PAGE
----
Sri Lanka Brief
NewsIslamophobia and attacks on Muslims on the rise in Sri Lanka

Islamophobia and attacks on Muslims on the rise in Sri Lanka


During the past year, there has been an unprecedented level of violent attacks, demonstrations and hate speech targeting Sri Lanka’s eight per cent Muslim population. Mainly perpetrated by Buddhist fundamentalist groups, the
events have left the country’s second largest minority community – the Muslims – feeling afraid and vulnerable.The response from the Government of Sri Lanka (GoSL) has been limited.

Police inaction in some cases has enabled violence to take place and there have been few arrests. The ‘Bodu Bala Sena’ or ‘Buddhist power force’ is the main group behind the targeting of Muslims. Appeals by Muslim civil society to the GoSL to take action against this group have met with little positive response. On 27 January 2013, President Mahinda Rajapaksha reportedly met monks and members of the Bodu Bala Sena and asked them to avoid conflicts with other religious communities. The President’s statement at this meeting was only publicised in the English language and not in the Sinhalese language media, thereby not reaching a large number of supporters of the Bodu Bala Sena. In his speech on Independence Day, 4 February 2013, there was again a call to stop inciting racial hatred. While these initiatives must be welcomed, they are far from adequate considering the level of
violence and hatred being unleashed on Muslims at present.

MRG has received reports of other religious communities facing serious problems too. However the Muslim community is currently facing a concerted campaign against them. In addition to attacks on places of religious worship there are calls to boycott Muslim shops and establishments, all of which is increasing tensions, particularly in areas where Muslims and Sinhalese live close to each other. The incidents against Muslims are widespread across the country and have picked up momentum during the last months.

In addition to the protests and attacks, there has been a spate of online hate campaigns targeting Muslims. These campaigns have run on social networking sites and also appear as responses to comments and news on other websites. The campaigns use degrading and threatening language about Muslims and on some occasions insult Islamic beliefs and texts. There is also currently a major campaign against the system of issuing halal certificates, which at present is done by a national level Muslim religious body.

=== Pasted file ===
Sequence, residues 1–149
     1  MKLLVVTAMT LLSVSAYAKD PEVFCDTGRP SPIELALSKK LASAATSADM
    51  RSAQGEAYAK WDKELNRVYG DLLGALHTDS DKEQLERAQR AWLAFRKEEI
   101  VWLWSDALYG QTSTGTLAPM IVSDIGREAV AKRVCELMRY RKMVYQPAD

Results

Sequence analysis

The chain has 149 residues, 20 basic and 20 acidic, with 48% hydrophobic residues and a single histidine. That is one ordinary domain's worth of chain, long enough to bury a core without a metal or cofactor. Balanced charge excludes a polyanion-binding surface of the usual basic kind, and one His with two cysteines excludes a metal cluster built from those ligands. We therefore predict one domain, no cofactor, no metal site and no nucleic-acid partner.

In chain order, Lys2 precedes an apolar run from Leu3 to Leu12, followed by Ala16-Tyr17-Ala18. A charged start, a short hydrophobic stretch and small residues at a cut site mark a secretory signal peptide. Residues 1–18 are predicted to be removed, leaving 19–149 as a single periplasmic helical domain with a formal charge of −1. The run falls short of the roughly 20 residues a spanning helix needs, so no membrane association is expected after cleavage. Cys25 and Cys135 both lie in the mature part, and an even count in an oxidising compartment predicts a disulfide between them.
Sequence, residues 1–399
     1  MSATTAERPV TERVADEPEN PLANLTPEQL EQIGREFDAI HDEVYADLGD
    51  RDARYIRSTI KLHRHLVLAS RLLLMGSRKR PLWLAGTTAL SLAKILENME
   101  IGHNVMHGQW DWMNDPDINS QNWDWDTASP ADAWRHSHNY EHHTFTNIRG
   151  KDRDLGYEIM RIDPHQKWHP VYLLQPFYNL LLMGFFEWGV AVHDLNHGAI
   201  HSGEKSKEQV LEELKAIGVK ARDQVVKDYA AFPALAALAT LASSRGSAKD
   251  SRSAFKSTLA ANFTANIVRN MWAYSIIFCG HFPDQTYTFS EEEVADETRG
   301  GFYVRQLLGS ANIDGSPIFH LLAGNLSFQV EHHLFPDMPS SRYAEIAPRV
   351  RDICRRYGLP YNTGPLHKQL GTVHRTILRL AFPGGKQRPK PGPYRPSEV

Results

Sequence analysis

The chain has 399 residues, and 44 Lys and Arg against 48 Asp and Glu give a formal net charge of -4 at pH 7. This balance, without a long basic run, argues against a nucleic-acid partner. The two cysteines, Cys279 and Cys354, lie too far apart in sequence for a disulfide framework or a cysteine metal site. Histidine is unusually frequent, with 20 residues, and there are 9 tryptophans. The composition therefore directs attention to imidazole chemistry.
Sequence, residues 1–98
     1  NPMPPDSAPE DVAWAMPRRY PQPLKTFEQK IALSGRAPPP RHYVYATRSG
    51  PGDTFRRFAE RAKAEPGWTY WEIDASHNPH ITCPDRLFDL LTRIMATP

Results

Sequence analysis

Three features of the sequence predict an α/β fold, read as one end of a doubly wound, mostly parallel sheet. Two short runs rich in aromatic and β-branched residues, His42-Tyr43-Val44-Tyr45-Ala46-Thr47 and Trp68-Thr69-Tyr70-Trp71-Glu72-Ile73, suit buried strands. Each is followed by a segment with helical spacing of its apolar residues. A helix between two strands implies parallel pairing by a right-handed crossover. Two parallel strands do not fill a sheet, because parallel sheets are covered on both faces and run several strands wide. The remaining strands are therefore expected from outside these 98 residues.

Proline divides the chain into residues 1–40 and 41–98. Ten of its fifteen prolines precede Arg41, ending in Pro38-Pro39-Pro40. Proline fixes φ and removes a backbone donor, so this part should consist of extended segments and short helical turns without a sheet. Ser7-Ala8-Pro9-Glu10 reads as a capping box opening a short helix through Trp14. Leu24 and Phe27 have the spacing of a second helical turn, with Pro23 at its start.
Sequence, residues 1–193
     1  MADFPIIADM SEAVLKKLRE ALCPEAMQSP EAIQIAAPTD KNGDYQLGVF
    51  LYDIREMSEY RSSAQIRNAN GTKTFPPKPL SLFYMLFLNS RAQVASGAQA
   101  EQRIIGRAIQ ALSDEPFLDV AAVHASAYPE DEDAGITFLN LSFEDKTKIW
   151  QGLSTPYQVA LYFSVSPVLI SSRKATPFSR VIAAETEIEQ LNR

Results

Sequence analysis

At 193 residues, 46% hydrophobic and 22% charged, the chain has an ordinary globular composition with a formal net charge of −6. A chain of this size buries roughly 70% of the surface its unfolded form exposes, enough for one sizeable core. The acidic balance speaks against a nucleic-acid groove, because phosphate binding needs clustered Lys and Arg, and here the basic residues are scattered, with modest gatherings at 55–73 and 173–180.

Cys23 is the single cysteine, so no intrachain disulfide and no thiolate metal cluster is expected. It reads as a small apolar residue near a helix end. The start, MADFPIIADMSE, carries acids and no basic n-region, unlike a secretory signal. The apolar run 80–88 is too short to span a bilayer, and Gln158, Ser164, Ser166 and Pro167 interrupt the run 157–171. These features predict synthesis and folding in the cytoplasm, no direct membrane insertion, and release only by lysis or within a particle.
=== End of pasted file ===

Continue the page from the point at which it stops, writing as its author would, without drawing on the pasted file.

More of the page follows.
To the Government of Sri Lanka

● Take immediate action to protect all religious minority communities from violent attacks, threats of violence as well as incitement to religious hatred. Community property,including places of religious property, must be protected and access ensured. This protection responsibility extends to ensuring the safety and well-being of potentially vulnerable groups within minority communities, including women, children, the elderly andpersons with disabilities.

● Take immediate action to investigate impartially all attacks against all places of religious worship. Prosecute those involved in the attacks in accordance with Sri Lankan law.

● Take immediate action to enforce Sri Lankan law with regard to the activities of fundamentalist groupsthat engage in attacks on places of religious worship in line with international human rights norms.

● Take immediate action to draft legislation regarding the prevention of religious intolerance and hate speech. The drafting process must include full consultation with minority community representatives in relevant languages.

● Take immediate action to implement  Lessons Learned & Reconciliation Commission (LLRC) recommendations on freedom of religion and minority rights.

● Take action to promote the religious freedom of all communities in accordance with international human rights standards.
● Respond to communications made by the UN Special Rapporteur on Freedom of Religion or Belief and the Independent Expert on Minority Issues and invite them to visit and report on Sri Lanka. 
● Finally, the President should make a public statement, in all national languages, condemning acts of violence and incitement to religious hatred against Muslims and all othercommunities and assure minorities that their rights will be protected.

To UN Human Rights Council (HRC) member states

● Ensure a strong UN HRC resolution on Sri Lanka that establishes an international, independent and impartial mechanism to investigate violations of international human rights and humanitarian norms during the recent armed conflict in Sri Lanka as well as current violations, including with regard to religious freedom and minority rights.

● Use their bilateral communications with the GoSL to raise their concern about the on-going attacks on Muslims and call for immediate measures to be taken to ensure the protection of Muslim and all other minority communities.

- From a report distributed at the UNHRC by MRG

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